And then I turned and walked back into the dark.
“So,” I typed in another Twitter DM to Larkin. “I think it’s time to close the book on that one.”
“Maybe. Maybe not. It’s so hard to tell these days, isn’t it? Everything is timing, everyone is mercurial. Aiming at a moving target all day and all night.”
“Maybe he’ll come around tomorrow,” he continued. “Maybe next week. Then again, maybe you’ll move on to someone else.”
“Yeah,” I replied. “I really don’t know what to say that’s not going to sound like a miserly pity party, so. Yay summer?”
“It’s okay if it stings, Amber,” he wrote. “I’m not going to judge you.”
“I know you won’t. I think I just need to go to bed and…you know. Sleep it off.”
I closed my laptop, went into the bathroom to wash my face, and tried not to catch my own eyes in the mirror. It had surprised me, how sad I had felt on the way home. Once the night was finally over and I could close the book on it, my dumb fragile heart just couldn’t hold it in anymore, and I realized that, deep down inside, I really had been hoping quite a lot for a different end to the night. A different end to us. Even though, like I had mentioned before, I knew better than anyone that a break really means a break up, it finally occurred to me that it had actually only felt like a dot dot dot. I hadn’t wanted to close the book, when he left for school. I kind of always hope – want – for a second chance. That maybe this isn’t the end, that maybe this will be one of those brilliant, blindingly beautiful “And then…” stories. We’ll see what happens when you come back… Maybe next summer… Things could change, we could both be different…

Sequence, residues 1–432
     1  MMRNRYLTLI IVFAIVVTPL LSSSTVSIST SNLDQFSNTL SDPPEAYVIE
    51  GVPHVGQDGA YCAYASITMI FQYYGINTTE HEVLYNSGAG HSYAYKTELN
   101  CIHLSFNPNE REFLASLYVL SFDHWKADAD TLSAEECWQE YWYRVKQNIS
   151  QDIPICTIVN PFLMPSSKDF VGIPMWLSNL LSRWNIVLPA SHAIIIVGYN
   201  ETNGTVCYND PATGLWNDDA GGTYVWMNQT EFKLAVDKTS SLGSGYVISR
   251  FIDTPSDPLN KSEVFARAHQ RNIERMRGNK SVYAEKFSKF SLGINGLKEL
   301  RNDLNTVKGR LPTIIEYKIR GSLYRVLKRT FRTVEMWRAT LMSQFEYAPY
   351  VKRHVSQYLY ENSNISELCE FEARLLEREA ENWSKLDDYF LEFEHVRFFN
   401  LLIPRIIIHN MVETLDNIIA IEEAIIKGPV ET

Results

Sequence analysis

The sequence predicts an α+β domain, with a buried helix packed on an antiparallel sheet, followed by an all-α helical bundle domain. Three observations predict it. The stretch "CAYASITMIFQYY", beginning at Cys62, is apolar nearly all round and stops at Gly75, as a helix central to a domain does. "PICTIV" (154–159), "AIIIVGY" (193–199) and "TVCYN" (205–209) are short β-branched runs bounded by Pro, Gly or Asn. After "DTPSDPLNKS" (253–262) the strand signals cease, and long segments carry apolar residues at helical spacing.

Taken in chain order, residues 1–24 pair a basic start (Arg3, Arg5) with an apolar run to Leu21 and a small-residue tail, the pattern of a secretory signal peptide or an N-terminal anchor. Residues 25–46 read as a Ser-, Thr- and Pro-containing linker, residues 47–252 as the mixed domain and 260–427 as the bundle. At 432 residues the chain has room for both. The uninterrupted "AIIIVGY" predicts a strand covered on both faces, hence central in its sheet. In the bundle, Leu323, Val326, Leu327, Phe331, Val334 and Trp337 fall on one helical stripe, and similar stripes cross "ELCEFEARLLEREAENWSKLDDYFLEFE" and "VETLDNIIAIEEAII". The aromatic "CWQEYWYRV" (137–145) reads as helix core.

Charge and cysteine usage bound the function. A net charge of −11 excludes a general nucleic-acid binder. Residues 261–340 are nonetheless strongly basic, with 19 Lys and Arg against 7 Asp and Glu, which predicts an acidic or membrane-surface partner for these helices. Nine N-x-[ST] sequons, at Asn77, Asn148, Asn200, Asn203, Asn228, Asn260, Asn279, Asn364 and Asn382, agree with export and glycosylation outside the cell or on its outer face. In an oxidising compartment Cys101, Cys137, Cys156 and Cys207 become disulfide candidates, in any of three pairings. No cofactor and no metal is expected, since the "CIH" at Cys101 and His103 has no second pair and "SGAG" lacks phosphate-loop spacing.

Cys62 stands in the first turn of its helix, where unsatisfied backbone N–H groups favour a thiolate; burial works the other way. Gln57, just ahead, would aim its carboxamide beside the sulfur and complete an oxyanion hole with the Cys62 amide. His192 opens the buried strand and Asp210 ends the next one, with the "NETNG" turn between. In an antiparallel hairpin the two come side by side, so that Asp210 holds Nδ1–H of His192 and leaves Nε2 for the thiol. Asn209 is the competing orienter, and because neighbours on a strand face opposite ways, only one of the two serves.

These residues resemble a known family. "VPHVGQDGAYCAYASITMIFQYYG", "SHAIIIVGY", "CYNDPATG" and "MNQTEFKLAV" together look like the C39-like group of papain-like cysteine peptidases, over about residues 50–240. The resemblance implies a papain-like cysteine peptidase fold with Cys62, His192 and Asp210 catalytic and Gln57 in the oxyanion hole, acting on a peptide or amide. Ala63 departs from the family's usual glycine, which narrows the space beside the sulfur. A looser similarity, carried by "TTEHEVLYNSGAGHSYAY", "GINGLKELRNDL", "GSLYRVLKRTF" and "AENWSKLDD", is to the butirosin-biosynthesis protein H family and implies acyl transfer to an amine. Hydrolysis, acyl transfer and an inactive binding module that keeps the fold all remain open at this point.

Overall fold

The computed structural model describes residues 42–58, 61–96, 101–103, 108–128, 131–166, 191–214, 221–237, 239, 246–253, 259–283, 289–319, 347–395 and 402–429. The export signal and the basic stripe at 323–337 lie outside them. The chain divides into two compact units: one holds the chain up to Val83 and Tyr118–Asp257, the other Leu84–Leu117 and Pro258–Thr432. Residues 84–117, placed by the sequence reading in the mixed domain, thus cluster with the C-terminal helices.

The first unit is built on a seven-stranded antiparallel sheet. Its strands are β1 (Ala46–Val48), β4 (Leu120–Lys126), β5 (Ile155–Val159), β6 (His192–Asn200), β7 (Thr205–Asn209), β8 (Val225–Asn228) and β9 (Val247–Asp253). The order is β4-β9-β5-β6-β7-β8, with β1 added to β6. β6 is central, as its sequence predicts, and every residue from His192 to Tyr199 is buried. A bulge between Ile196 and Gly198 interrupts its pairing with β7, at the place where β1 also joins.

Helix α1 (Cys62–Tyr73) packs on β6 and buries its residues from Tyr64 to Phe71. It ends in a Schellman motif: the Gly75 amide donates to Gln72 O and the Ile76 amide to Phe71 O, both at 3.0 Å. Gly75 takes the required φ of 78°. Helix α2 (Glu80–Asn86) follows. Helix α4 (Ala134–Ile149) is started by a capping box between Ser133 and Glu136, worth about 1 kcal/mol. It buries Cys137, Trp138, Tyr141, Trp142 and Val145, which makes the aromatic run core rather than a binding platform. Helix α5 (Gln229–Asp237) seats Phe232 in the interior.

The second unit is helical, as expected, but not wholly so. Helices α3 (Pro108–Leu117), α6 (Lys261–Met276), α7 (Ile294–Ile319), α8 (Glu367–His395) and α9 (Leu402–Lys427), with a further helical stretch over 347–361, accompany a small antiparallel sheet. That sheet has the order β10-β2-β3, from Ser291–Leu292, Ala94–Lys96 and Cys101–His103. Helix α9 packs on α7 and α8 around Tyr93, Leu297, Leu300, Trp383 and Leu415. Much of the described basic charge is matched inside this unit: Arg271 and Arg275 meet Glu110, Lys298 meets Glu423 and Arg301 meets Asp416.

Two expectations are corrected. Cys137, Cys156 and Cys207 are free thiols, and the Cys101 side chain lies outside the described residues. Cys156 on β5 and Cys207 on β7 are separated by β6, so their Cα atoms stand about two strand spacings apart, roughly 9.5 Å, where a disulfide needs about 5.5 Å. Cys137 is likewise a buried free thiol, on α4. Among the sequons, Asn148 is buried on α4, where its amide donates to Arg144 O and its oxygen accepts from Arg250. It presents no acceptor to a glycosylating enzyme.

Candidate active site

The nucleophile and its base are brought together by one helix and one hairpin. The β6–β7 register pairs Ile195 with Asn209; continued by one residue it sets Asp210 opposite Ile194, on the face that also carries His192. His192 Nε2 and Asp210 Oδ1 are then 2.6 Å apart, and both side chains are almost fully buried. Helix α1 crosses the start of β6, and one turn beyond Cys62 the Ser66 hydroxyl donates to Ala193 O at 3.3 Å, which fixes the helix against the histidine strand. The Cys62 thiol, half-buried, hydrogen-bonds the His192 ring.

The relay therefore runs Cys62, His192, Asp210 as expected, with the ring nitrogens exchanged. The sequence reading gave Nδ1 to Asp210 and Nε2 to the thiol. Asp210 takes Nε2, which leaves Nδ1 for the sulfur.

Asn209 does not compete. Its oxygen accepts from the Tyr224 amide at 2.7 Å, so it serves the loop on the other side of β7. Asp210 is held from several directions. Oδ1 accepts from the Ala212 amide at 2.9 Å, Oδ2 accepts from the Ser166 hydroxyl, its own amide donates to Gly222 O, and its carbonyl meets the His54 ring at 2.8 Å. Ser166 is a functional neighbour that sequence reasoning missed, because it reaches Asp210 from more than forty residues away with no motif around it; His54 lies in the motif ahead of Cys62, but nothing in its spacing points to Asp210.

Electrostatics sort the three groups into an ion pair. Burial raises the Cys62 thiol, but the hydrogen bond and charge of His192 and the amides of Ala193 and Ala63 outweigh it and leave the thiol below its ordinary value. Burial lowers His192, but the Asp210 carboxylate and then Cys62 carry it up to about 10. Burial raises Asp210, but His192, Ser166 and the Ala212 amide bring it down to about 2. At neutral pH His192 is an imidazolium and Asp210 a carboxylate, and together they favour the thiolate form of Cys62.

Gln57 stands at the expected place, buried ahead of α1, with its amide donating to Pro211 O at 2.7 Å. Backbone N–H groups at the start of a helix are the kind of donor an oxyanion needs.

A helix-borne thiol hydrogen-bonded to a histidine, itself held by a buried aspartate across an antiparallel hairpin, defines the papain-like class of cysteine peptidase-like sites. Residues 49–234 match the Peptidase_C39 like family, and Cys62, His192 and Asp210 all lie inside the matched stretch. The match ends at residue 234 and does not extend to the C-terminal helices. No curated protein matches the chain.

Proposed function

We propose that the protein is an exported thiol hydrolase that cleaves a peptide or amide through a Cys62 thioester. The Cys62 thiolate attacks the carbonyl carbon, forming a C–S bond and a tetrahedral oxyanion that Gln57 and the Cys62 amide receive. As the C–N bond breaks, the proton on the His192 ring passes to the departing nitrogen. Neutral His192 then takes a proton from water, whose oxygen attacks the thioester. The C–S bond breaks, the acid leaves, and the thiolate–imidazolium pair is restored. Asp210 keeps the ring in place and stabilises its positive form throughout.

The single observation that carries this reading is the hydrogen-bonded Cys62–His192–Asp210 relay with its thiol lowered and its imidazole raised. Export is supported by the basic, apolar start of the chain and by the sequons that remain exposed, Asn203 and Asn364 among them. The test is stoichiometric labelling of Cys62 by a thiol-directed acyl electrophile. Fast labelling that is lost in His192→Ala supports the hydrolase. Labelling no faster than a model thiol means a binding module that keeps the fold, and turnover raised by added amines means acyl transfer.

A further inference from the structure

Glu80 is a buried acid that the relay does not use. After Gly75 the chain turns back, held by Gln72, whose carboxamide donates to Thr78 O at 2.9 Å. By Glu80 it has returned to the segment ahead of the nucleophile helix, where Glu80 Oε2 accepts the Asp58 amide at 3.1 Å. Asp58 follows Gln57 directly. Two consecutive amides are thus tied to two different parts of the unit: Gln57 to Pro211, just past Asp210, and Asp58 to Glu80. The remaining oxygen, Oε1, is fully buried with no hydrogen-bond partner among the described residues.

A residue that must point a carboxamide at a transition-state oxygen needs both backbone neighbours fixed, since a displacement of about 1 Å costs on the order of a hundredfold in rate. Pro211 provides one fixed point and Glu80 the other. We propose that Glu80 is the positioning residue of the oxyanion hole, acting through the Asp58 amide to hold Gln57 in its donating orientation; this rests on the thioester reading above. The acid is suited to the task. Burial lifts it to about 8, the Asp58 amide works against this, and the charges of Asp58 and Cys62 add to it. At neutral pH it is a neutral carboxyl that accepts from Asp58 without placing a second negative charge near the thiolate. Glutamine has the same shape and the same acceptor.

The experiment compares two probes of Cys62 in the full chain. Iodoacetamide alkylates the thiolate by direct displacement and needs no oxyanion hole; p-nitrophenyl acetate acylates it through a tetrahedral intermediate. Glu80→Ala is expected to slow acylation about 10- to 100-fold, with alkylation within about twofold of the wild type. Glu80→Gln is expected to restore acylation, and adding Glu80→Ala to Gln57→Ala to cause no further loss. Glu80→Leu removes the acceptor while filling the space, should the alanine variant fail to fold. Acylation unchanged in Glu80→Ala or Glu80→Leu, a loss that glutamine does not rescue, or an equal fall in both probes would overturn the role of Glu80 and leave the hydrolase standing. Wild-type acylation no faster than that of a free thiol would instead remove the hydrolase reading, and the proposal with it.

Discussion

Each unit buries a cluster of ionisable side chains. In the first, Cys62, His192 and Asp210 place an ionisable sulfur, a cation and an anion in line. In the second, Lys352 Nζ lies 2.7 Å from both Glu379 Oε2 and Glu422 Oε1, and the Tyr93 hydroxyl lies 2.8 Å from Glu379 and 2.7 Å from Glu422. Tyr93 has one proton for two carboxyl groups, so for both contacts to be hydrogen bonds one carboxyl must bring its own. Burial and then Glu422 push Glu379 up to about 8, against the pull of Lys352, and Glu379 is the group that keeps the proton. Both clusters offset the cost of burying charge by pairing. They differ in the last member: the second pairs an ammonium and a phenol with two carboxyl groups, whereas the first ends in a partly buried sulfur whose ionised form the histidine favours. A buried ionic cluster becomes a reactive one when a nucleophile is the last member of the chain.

But I hadn’t actually wanted him to be different, I realized. At least, not in the way that he was. I had remembered him as being so sweet and engaging, warm, kind. Instead he had been dismissive, and cold, and…weird. It was so confusing, and then it wasn’t confusing at all.
“You ok?” Meg texted as I crawled into bed. “It’s kind of lame that he wasn’t saying much to you.”
“Yeah,” I texted back. It’s pretty brutal, when even your friends note that you made an effort to make conversation and the guy did pretty much everything he could to not talk to you. “It was lame. I’m okay, though.”
“Good. Date on Tuesday, right?”
“Yep.” On Tuesday I have a blind date from someone I met on Tinder. Right? I tried telling myself. You have a date on Tuesday. Other guys are asking you out on dates, so it shouldn’t be a big deal if this one wasn’t.
But it was, I heard a small voice inside my head say. Because why is it always the one that you want more than anyone else who isn’t?